The Tomatometer rating – based on the published opinions of hundreds of film and
television critics – is a trusted measurement of movie and TV programming quality
for millions of moviegoers. It represents the percentage of professional critic reviews
that are positive for a given film or television show.
From the Critics
From RT Users Like You!
The Tomatometer is 60% or higher.
The Tomatometer is 59% or lower.
Movies and TV shows are Certified Fresh with a steady Tomatometer of 75% or
higher after a set amount of reviews (80 for wide-release movies, 40 for
limited-release movies, 20 for TV shows), including 5 reviews from Top Critics.
Percentage of users who rate a movie or TV show positively.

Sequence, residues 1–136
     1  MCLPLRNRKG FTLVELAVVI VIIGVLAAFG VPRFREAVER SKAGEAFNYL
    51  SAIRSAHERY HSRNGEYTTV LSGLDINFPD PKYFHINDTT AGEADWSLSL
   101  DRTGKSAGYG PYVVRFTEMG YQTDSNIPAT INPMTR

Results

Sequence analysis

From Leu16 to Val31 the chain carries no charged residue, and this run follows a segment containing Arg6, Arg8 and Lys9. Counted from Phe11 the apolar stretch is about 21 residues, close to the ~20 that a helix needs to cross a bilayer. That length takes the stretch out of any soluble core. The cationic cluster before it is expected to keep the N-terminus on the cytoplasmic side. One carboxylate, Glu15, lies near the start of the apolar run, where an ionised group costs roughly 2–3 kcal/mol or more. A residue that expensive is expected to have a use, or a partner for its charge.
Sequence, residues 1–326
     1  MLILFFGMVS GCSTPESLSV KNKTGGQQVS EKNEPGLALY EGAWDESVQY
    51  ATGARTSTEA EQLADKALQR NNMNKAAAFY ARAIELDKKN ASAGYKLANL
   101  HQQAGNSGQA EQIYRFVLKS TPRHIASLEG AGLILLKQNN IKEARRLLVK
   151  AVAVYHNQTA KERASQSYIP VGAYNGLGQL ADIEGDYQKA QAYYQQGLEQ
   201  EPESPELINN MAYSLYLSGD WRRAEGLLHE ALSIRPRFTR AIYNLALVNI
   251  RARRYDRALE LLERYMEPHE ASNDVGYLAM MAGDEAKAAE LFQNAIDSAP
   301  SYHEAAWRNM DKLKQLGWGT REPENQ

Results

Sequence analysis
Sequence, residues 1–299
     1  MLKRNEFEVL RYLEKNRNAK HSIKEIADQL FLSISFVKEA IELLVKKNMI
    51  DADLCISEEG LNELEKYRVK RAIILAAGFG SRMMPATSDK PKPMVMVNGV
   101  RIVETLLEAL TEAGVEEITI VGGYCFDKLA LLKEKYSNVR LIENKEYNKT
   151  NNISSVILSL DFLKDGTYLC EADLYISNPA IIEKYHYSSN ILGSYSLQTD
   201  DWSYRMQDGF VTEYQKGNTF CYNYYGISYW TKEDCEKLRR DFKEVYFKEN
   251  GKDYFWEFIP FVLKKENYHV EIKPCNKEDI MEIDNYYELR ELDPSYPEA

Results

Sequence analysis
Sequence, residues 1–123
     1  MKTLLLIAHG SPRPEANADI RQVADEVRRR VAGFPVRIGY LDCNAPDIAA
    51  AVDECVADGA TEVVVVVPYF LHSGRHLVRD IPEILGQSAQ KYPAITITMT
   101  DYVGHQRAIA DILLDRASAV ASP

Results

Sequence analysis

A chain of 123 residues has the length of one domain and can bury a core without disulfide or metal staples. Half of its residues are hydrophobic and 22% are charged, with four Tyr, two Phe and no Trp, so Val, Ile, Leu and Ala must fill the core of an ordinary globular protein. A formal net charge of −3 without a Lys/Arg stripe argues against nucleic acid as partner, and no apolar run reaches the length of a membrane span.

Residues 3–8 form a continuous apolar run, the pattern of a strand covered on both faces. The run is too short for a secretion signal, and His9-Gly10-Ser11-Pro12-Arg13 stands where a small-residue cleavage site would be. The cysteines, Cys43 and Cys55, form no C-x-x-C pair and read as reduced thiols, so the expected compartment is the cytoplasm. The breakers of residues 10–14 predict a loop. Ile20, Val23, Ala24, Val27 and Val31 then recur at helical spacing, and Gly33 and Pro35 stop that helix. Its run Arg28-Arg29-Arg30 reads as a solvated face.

Herschel Bernardi, along with his actor-brother Jack, was the product of a long-established family of Yiddish performers. On stage from childhood, Bernardi made his first on-camera appearances in a brace of Yiddish-language films, Green Fields and Yankel the Blacksmith, both lensed in New Jersey in 1939. While successful in ethnic productions, Herschel encountered resistance from producers of mainstream Broadway plays, one of whom advised the actor to wait until he "grew into" his character-actor face. As Harold Bernardi, he played a bit in the 1945 Hollywood film Miss Susie Slagle's. He was one of several actors blacklisted for their alleged leftist politics in the 1950s, an experience he relived as a cast member of the 1976 film The Front. Shortly after being "exonerated," Bernardi was cast in the recurring role of Lt. Jacoby on the late-1950s series Peter Gunn, an assignment for which he won an Emmy. In 1969, Bernardi played the starring part of a blue-collar worker thrust into the executive pool in the TV sitcom Arnie. He also provided voiceovers for hundreds of cartoons and commercials, "starring" as Charley the Tuna and the Jolly Green Giant. On Broadway in the 1960s and '70s, Herschel Bernardi starred in over 700 performances of Fiddler on the Roof and also played the lead in the musical Zorba; at one juncture, Bernardi had so strained his vocal chords that he was ordered by his doctor not to speak for a full year, lest he permanently lose his voice.